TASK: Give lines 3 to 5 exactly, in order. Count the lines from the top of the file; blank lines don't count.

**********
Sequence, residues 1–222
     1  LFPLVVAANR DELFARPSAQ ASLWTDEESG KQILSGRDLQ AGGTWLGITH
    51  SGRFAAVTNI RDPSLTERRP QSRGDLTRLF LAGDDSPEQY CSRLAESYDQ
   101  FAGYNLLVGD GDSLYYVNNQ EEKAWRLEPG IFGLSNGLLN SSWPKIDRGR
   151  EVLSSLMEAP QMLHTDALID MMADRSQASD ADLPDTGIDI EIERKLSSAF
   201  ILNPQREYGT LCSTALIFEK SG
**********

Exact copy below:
    51  SGRFAAVTNI RDPSLTERRP QSRGDLTRLF LAGDDSPEQY CSRLAESYDQ
   101  FAGYNLLVGD GDSLYYVNNQ EEKAWRLEPG IFGLSNGLLN SSWPKIDRGR
   151  EVLSSLMEAP QMLHTDALID MMADRSQASD ADLPDTGIDI EIERKLSSAF